In the spring [Tananbaum] and his team sent out a detailed invitation, enticing potential guests with an early vision of the camp, named Caravancicle. Anyone concerned about living in a hot, unforgiving wilderness could rest assured. There would be no roughing it at Caravancicle. Accommodations would consist of a series of cubical tents with carbon fiber skeletons. Each cube would have 9-foot ceilings, comfortable bedding, and air conditioning. The surrounding camp, enclosed by high walls, would be safe and private. Amenities would include a central lounge housed in a geodesic dome, private showers and toilets, solar panels, wireless Internet, and a 24-hour bar. Guests could count on a “full-service” staff, who would among other things help create “handcrafted, artisanal popsicles” to offer passers-by. To help blend in with the Burning Man regulars, who tend to parade around the commons in wild, racy outfits (if anything at all), the camp would include an entire shipping container full of costumes.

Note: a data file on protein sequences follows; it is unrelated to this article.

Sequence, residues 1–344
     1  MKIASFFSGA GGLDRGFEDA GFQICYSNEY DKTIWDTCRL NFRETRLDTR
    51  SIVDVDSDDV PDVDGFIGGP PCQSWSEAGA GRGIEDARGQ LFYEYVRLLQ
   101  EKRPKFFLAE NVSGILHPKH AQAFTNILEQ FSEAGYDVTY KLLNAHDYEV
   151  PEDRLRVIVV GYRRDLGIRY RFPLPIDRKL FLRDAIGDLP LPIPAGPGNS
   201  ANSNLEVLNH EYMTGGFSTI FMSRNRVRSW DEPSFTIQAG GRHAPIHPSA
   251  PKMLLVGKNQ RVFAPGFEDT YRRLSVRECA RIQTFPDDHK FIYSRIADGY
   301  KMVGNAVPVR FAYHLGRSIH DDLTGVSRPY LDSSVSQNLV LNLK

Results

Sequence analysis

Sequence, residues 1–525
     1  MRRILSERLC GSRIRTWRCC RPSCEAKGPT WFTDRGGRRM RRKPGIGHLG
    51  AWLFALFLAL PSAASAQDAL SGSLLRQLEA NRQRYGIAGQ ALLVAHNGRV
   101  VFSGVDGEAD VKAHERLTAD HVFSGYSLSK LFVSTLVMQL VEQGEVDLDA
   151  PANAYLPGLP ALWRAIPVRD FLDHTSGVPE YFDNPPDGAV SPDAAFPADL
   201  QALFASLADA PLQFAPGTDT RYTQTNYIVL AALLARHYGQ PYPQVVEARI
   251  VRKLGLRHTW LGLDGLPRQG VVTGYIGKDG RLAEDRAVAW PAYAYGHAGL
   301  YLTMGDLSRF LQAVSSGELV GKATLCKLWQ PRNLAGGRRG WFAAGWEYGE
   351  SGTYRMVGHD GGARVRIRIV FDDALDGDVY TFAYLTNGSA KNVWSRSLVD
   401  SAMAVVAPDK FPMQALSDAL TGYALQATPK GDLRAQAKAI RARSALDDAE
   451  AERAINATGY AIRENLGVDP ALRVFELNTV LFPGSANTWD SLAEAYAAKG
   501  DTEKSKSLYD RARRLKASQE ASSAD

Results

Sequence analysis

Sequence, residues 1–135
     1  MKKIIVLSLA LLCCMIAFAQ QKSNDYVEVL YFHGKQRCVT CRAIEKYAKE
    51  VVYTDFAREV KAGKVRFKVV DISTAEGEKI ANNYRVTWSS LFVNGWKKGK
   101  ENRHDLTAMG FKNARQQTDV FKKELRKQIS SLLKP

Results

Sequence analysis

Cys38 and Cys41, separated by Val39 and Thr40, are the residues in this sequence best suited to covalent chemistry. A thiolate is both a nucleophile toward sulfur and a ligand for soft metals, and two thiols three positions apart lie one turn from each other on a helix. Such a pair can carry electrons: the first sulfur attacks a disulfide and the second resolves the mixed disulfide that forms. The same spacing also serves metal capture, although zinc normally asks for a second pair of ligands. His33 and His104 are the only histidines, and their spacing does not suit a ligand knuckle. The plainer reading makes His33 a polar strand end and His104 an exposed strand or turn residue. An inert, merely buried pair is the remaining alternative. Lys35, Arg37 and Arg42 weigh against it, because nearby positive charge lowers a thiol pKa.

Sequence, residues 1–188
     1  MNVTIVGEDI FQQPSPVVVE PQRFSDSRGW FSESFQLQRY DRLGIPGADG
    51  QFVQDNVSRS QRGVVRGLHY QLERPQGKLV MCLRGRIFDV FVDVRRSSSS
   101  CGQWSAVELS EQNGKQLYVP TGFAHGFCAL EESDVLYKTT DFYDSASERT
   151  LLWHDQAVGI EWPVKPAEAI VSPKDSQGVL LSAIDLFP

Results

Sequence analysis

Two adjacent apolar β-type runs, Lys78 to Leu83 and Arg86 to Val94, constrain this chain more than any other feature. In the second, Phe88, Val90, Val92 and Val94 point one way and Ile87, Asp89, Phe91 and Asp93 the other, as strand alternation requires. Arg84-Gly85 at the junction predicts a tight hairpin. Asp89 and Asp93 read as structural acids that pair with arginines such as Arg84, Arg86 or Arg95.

1. “The Old Man at Burning Man” (GQ, Feb. 2013)
Wells Tower’s legendary 2013 GQ account of attending the aforementioned festival with his father.
2. “Why the Rich Love Burning Man” (Jacobin, Aug. 2015)
An essay by Keith A. Spencer about why business leaders, particularly in Silicon Valley, are so enamored with Burning Man: